Yuma was found when his eyes were still closed, humans raised him almost his entire life, so he no longer fears humans, and so he will never be able to be released into the wild. However, he will serve as an animal ambassador for the public. The bottom picture was taken this week (8/21/2014), and although he has lost his baby spots, he is still fairly young. For the first time he is now visible to the public all the time. Previously he was kept in the back so that he wouldn’t get scared of his exhibit.

View high resolution

lachlan-truth-seeker:

This is Yuma. Yuma was found by a group of biologists on a panther preserve in Florida at the beginning of 2014. His mother had a tracking collar, and her GPS activity indicated that she was likely relocating her den. The biologists went out to observe this, and found a small panther kitten on the trail; he was most likely dropped on accident as his mother was carrying her kittens. He was hungry, dehydrated, and nearly frozen, but he was alive. Even if the mother came back for him that instant, she could not save him, so the biologists decided they could not let one of the world’s most endangered creatures stay out there to die. They took it to an emergency vet clinic where it was brought back to health. Then he was brought to the Lowry Park Zoo, where he stayed until he was waned off of milk and onto meat. He was then transferred to the Ellie Schiller Homosassa Springs Wildlife State Park, located in Homosassa Springs, Florida, where he will live out the rest of his life.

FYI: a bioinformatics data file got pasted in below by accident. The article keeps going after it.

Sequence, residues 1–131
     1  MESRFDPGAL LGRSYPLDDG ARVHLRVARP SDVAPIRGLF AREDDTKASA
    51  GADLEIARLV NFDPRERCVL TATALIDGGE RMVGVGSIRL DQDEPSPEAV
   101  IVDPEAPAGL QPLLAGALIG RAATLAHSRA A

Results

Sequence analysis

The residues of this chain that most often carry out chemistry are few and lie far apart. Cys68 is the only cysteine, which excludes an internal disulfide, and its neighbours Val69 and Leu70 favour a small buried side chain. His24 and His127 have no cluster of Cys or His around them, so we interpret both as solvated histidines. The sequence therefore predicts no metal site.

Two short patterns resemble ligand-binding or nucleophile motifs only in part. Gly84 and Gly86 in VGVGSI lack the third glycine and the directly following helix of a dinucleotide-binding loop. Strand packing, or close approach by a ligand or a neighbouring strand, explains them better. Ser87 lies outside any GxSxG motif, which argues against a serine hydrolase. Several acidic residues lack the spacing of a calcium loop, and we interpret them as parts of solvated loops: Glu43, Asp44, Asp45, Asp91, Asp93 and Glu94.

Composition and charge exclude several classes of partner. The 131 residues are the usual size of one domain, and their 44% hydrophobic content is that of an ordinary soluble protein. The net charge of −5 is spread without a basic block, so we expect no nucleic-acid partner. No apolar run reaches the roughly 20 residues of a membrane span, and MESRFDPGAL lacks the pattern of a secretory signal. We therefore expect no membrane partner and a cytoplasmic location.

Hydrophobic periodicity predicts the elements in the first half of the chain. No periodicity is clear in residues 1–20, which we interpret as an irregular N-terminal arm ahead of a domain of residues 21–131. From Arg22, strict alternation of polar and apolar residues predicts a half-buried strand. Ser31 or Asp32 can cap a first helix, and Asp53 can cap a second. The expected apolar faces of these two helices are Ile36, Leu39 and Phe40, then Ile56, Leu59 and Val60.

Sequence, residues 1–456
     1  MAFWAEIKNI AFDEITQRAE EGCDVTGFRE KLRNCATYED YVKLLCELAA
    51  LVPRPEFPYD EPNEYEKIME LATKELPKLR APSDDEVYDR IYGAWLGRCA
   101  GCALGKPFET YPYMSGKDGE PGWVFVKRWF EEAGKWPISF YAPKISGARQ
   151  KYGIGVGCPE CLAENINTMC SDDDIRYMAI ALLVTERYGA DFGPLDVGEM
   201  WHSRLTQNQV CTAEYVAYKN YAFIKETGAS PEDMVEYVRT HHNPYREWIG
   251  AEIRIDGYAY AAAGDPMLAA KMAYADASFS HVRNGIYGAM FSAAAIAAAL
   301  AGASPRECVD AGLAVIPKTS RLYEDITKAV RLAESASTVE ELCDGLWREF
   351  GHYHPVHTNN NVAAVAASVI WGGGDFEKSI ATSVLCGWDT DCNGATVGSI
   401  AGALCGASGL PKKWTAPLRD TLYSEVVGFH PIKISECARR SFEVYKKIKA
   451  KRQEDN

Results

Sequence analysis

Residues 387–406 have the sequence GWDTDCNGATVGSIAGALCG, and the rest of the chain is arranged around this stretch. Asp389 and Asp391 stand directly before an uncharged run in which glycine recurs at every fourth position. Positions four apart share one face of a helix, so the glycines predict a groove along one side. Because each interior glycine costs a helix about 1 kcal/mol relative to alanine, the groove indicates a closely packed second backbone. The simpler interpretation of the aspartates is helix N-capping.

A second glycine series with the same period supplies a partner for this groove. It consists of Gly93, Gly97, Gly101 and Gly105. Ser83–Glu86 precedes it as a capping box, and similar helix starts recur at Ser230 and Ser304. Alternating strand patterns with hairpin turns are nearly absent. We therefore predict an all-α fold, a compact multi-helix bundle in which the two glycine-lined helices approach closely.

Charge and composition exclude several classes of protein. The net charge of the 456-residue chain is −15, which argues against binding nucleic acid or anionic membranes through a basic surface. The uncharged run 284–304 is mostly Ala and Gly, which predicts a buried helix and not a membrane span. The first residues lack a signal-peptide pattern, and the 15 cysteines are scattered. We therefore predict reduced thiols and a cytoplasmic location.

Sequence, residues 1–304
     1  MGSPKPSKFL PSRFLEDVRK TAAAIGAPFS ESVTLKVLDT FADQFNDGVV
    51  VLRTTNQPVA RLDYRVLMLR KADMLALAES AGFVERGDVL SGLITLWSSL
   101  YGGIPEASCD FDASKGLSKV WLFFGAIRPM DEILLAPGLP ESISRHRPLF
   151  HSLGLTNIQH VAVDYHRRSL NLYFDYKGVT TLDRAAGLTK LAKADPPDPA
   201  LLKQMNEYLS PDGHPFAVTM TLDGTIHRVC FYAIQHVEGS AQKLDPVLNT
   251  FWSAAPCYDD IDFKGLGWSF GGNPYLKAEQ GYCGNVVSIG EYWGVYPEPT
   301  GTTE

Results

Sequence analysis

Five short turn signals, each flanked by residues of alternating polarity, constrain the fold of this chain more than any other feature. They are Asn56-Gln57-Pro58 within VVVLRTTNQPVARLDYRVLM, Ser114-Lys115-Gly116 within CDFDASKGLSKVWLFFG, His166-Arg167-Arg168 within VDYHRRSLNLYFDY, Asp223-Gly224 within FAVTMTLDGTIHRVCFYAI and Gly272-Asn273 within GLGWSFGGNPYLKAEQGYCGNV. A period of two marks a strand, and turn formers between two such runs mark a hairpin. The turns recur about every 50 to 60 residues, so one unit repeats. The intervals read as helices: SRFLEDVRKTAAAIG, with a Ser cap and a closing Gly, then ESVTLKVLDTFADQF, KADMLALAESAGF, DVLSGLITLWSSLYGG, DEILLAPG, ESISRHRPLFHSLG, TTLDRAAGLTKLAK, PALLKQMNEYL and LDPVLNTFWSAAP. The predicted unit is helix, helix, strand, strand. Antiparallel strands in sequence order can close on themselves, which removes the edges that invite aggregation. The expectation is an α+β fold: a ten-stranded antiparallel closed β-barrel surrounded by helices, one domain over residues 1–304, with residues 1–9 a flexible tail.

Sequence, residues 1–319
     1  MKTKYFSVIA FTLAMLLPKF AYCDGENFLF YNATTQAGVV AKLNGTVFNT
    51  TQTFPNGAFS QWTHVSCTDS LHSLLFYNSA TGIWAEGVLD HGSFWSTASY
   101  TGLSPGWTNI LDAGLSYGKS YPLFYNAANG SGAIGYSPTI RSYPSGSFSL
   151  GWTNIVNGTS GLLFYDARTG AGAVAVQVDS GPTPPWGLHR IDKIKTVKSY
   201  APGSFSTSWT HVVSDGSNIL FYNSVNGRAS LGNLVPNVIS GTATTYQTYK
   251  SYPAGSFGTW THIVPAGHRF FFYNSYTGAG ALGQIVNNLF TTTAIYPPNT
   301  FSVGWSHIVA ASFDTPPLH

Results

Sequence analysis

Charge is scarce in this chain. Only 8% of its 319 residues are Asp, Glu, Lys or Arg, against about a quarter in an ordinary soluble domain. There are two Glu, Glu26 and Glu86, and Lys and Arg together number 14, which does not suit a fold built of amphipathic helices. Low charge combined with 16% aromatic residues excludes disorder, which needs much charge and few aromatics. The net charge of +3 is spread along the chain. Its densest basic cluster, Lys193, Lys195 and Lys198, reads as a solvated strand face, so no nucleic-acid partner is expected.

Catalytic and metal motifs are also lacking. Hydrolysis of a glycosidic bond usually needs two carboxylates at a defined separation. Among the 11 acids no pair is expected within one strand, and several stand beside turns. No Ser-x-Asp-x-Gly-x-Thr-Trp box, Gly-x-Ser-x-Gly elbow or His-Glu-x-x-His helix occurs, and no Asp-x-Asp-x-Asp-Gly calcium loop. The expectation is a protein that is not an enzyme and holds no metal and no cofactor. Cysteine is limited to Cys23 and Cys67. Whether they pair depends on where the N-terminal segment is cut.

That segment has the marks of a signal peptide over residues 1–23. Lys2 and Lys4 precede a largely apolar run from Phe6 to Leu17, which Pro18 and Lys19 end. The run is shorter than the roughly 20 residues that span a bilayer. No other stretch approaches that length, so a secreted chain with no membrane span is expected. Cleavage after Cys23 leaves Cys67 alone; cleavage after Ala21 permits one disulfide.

Yuma was found when his eyes were still closed, humans raised him almost his entire life, so he no longer fears humans, and so he will never be able to be released into the wild. However, he will serve as an animal ambassador for the public. The bottom picture was taken this week (8/21/2014), and although he has lost his baby spots, he is still fairly young. For the first time he is now visible to the public all the time. Previously he was kept in the back so that he wouldn’t get scared of his exhibit.

View high resolution

lachlan-truth-seeker:

This is Yuma. Yuma was found by a group of biologists on a panther preserve in Florida at the beginning of 2014. His mother had a tracking collar, and her GPS activity indicated that she was likely relocating her den. The biologists went out to observe this, and found a small panther kitten on the trail; he was most likely dropped on accident as his mother was carrying her kittens. He was hungry, dehydrated, and nearly frozen, but he was alive. Even if the mother came back for him that instant, she could not save him, so the biologists decided they could not let one of the world’s most endangered creatures stay out there to die. They took it to an emergency vet clinic where it was brought back to health. Then he was brought to the Lowry Park Zoo, where he stayed until he was waned off of milk and onto meat. He was then transferred to the Ellie Schiller Homosassa Springs Wildlife State Park, located in Homosassa Springs, Florida, where he will live out the rest of his life.